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Patient and family centered nursing rounds as a platform for continuing education of nurses in a rural hospital in Haiti

Authors
  • Ritterman, Irene
  • Rose, Sharon
  • Meyer, Sarah
  • Hall, Emily
  • Mirlande, Dicady
  • Rankin, Sally
  • Baltzell, Kimberly
Publication Date
Dec 26, 2022
Source
eScholarship - University of California
Keywords
License
Unknown
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Abstract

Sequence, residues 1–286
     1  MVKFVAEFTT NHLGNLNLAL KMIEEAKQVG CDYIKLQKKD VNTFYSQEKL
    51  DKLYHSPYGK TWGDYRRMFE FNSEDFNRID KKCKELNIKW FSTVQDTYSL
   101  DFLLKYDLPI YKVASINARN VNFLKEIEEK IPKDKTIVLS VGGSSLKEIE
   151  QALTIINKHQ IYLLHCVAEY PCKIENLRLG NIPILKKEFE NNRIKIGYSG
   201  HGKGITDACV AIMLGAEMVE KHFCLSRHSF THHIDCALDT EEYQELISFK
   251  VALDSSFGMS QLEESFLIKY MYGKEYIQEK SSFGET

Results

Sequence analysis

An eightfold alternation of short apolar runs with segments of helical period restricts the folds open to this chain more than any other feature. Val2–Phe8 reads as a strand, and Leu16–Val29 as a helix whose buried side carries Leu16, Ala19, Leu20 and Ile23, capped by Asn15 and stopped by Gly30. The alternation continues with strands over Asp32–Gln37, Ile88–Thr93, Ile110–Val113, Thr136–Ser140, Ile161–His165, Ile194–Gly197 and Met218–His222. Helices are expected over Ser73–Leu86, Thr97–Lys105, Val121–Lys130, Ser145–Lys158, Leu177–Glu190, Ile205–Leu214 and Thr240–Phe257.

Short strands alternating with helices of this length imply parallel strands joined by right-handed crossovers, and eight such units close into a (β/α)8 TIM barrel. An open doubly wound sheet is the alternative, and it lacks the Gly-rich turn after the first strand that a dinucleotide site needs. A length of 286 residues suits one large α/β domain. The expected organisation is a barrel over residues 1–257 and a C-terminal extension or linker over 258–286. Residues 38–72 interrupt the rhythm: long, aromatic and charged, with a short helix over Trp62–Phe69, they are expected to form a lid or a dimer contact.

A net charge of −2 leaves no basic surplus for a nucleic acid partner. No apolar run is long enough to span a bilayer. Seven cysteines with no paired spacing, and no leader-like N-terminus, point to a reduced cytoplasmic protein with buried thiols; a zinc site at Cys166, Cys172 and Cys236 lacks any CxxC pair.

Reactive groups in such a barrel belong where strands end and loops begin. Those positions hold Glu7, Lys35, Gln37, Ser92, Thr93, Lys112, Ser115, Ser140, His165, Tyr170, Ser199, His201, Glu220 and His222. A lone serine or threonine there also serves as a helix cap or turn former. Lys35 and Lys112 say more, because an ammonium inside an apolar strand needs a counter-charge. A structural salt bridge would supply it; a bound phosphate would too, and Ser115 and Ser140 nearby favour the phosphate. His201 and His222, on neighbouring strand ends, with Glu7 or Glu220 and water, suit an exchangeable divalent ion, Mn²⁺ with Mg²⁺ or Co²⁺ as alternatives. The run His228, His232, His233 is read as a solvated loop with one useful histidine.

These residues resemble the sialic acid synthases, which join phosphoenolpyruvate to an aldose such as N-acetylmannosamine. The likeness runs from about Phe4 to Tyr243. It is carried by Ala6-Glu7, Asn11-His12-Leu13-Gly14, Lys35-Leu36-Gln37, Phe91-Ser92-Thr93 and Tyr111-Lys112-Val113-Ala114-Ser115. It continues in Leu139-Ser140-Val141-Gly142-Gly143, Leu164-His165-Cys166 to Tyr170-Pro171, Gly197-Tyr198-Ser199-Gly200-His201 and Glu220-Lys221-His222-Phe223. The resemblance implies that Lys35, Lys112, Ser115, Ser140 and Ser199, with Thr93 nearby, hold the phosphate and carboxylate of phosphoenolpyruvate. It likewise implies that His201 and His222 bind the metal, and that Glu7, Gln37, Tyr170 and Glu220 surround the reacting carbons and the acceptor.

Introduction: Haiti has one of the most severe health care worker shortages in the Americas. In-service continuing education opportunities have been linked to increased nurse motivation and retention, and improved patient outcomes. This paper describes how an academic-non-profit collaboration adapted nursing rounds to create a bedside teaching activity for nurses at a Haitian hospital.Methods: Rounds are defined as a gathering of nursing staff and students, as well as the patient’s family at the patient’s bedside, for case presentation and discussion about the medical and nursing care plans. A survey of participants was completed on a quarterly basis to improve the activity and assess whether the project was meeting its goals.Results: Twenty-six nurses participated in the first quarter survey and twenty-five in the second quarter survey. Surveys showed that participation in rounds increased over time. Nurses were either satisfied or very satisfied with rounds.  The majority of nurses reported learning information that improved their patient care every time they attended rounds. Challenges included limited staffing at the hospital, nurses’ varying levels of literacy, and Haiti’s unpredictable political climate. These were overcome by building a partnership with a reputable local organization, accompanying local colleagues in a peer-to-peer model, and embracing incremental changes during implementation.Conclusions: Evidence from observation, informal feedback, and responses to participant surveys indicates that rounds may increase opportunities for continuing education, encourage patient and family centered care, and promote inter-professional collaboration. This project has proved to be sustainable and continues to evolve two years following implementation.

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